Brent was steady near $115 on Wednesday, after falling as much as 0.6 percent on indications that higher fuel prices were weighing on consumer confidence in top user the United States, where crude inventories rose more than expected last week.
Brent crude for May added 7 cents to $115.23 a barrel at 0700 GMT (3 a.m. ET), less than $5 from a 2-1/2-year high near $120 in February, while U.S. crude fell 14 cents to $104.65.
A prevailing mood of malaise in southern Europe contributed to a bearish tone, after Standard & Poor's downgraded the credit ratings of Greece and Portugal, while in Libya, Muammar Gaddafi's forces contained the rebels' advance.
Underpinning the strength in the oil price is what is happening in the Middle East and North Africa, adding a $15 to $20 premium, said Ben Le Brun, a CMC Markets analyst in Sydney.
But there is a lot of stockpile in America. The price of gas is curtailing the economy and damaging consumer confidence, and with what we are seeing in the euro-zone, these are all headwinds for oil.
Crude inventories in the U.S. last week rose 5.7 million barrels, more than three times the expected gain, industry group the American Petroleum Institute said on Tuesday, while gasoline stockpiles fell in line with forecasts and distillates including gas oil and diesel fell less than expected.
Government data on the nation's oil inventories and demand will follow on Wednesday from the Energy Information Administration.
U.S. consumers turned gloomy in March as rising energy prices ignited fears of inflation, a change in mood that could dent economic growth. Another report on Tuesday showed U.S. home prices fell for a seventh straight month in January.
Attention for the rest of the week will focus on employment numbers from the U.S. Non-farm payrolls data for March will be released on Friday, which will be more closely watched than usual for a clue as to when U.S. interests rates may rise.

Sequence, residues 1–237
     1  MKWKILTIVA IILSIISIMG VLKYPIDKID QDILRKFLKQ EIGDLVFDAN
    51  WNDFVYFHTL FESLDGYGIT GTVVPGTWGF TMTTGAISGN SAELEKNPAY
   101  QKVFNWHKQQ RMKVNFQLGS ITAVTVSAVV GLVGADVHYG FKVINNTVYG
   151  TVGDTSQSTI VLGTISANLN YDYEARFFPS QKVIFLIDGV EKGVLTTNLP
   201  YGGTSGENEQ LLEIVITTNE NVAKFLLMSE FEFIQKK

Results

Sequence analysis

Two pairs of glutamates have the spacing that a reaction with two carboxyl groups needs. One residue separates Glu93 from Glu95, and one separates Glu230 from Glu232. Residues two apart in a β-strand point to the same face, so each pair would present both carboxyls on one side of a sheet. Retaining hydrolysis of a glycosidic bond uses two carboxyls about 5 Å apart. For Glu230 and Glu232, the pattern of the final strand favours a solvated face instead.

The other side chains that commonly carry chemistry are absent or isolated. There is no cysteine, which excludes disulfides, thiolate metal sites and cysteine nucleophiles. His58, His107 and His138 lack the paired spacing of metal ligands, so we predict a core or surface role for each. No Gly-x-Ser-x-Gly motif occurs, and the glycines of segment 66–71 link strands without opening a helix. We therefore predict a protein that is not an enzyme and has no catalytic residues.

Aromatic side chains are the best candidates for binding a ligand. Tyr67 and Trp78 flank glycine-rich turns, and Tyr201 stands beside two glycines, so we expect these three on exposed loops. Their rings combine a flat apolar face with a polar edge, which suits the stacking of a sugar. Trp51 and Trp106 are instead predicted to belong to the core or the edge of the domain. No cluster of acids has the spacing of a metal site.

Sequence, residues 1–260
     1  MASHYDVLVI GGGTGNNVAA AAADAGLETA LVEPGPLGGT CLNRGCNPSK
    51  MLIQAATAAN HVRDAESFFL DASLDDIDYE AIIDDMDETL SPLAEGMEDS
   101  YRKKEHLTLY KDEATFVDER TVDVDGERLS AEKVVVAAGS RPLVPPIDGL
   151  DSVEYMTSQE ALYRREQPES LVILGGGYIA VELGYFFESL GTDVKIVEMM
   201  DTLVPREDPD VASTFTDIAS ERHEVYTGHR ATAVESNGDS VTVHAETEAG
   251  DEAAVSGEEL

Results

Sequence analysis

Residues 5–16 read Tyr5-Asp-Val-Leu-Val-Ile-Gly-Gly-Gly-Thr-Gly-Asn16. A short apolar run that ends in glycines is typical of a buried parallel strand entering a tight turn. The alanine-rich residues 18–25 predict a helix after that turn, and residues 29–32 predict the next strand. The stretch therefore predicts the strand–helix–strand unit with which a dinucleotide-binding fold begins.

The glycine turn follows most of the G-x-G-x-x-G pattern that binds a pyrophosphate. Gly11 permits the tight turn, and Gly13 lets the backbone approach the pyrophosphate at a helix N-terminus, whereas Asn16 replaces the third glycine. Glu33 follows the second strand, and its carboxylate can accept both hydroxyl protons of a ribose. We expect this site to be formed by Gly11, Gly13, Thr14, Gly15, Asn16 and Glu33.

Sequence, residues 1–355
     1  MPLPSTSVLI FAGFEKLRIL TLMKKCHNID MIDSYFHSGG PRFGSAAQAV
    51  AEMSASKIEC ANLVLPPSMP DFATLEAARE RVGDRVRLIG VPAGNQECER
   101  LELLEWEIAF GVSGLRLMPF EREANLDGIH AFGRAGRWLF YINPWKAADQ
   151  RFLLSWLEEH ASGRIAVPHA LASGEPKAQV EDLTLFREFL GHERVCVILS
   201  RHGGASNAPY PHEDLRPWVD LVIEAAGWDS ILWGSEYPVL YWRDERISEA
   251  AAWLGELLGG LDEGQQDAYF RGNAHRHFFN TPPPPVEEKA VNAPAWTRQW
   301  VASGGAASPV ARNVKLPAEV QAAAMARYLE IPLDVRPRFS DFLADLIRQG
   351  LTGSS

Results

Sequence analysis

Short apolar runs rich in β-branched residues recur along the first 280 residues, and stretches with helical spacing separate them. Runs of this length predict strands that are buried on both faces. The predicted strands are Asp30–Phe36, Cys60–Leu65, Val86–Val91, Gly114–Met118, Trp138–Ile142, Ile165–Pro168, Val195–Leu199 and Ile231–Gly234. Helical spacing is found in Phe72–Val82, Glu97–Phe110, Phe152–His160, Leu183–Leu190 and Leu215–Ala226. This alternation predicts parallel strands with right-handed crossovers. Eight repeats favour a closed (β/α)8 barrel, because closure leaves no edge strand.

Retail gasoline demand fell last week for a fourth consecutive week compared with year-ago levels because of higher prices, which averaged $3.56 a gallon, 27 percent higher than a year earlier, MasterCard Advisors' SpendingPulse report showed on Tuesday.
In Germany, worries about the global economy and inflation drove down consumer sentiment for the first time in 10 months.
Credit rating downgrades by S&P left Portugal's rating one notch above junk and Greece's creditworthiness below that of Egypt.
In Libya, Muammar Gaddafi's better armed and organized troops reversed the rapid westward advance of rebels on Tuesday as world powers meeting in London piled pressure on the Libyan leader to step down.
Earlier this week, oil prices had also dropped amid expectations that a rapid resolution to Libya's civil war would allow for a quick restart of exports, which virtually vanished from about 1.3 million barrels per day (bpd) before the conflict started.
A conference of 40 governments and international bodies agreed to press on with a NATO-led aerial bombardment of Libyan forces until Gaddafi complied with a U.N. resolution to end violence against civilians.
Traders were also looking for any signs of spreading unrest in the Middle East. Syria's President Bashar al-Assad will on Wednesday give his first public speech since pro-democracy protests erupted in the south of the country.
(Editing by Himani Sarkar)